Arthritis & Rheumatism, Volume 62,
November 2010 Abstract Supplement

Abstracts of the American College of
Rheumatology/Association of Rheumatology Health Professionals
Annual Scientific Meeting
Atlanta, Georgia November 6-11, 2010.

Activation of Innate Immunity and Sjgren's Syndrome Development.

Nandula1,  Seshagiri Rao, Scindia2,  Yogesh M., Bagavant1,  Harini, Deshmukh2,  Umesh S.

University of Virginia, Charlottesville, VA
University of Virginia


Previously our laboratory has demonstrated that activation of innate immunity through toll-like receptor 3 (TLR3) agonist poly IC causes an acute loss of salivary gland function. This study was undertaken to investigate the effects of innate immunity activation through TLR dependent and TLR independent pathways on development of Sjögren's Syndrome (SS) in experimental mouse model systems.


To determine the role of TLR mediated innate immunity activation in SS, female NZB/W F1 mice were injected with TLR3 agonist, poly IC. To investigate TLR independent pathways, female NZM2758 mice were injected with alum, which activates innate immunity through the inflammasome pathway. Submandibular glands (SMG) were analyzed for sialadenitis and lymphocytic infiltrates were characterized by flow cytometry and immunohistochemistry. Gene expression levels of inflammatory cytokines and chemokines were determined by real time PCR. Mice were monitored for salivary gland hypofunction by checking pilocarpine induced saliva flow.


Within 2 weeks of poly IC treatment, the SMG showed evidence for lymphocytic infiltration. The dominant cell types infiltrating the SMG at early stages were NK cells and dendritic cells, which correlated with the chemokine pattern induced by poly IC. At later time points, T-B cell aggregates were seen within the SMG with significantly higher levels of IL-12A, IL-21 and IL-21R gene expression. Characterization of CD4+ T cells within the infiltrates showed presence of ICOS+CXCR5+ cells indicative of the T follicular helper cell phenotype. SMG from poly IC treated mice showed IgM and IgG deposition. Although the severity of sialadenitis increased with time, it did not correlate with loss of function. In the inflammasome mediated innate immunity activation model, mice showed evidence for loss of glandular function by 8–10 weeks after alum treatment. At this time point no lymphocytic foci were seen in the SMG. By 4–5 months, SMG from alum treated mice showed evidence for sialadenitis. Interestingly, this did not translate in to further worsening of glandular function.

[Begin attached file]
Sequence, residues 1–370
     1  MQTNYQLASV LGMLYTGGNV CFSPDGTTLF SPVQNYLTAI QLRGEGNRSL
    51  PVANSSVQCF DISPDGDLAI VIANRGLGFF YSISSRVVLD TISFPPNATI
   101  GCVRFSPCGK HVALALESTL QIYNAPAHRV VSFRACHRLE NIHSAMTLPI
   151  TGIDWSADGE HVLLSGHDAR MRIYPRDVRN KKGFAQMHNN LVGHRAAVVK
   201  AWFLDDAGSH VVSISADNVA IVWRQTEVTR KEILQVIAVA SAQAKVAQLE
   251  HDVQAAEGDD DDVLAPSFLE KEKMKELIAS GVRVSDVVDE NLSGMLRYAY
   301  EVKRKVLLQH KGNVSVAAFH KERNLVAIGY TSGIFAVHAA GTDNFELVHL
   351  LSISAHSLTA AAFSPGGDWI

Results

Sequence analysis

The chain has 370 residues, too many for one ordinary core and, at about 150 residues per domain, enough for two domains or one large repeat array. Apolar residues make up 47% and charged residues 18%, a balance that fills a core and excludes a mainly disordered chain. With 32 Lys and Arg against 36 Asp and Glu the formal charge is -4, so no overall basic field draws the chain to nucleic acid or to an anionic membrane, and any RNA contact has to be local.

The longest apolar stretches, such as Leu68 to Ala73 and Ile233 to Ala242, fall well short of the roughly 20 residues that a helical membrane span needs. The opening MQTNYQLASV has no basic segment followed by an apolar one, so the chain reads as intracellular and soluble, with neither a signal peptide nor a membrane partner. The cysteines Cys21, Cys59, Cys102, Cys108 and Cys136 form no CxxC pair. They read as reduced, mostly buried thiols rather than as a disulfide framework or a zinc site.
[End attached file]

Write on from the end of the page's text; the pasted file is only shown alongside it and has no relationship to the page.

Our data clearly demonstrates that activation of innate immunity accelerates the development of SS. Although the characteristics of disease development vary depending upon the innate stimulus, the models reinforce a lack of correlation between extent of of sialadenitis and severity of glandular dysfunction, as observed in SS patients. The ability of alum to induce SS in genetically susceptible mouse strains suggests that exposure to aluminum compounds can be a novel risk factor for SS.

This work is supported by grants from Sjögren's Syndrome Foundation USA and NIDCR.

To cite this abstract, please use the following information:
Nandula, Seshagiri Rao, Scindia, Yogesh M., Bagavant, Harini, Deshmukh, Umesh S.; Activation of Innate Immunity and Sjgren's Syndrome Development. [abstract]. Arthritis Rheum 2010;62 Suppl 10 :1883
DOI: 10.1002/art.29648

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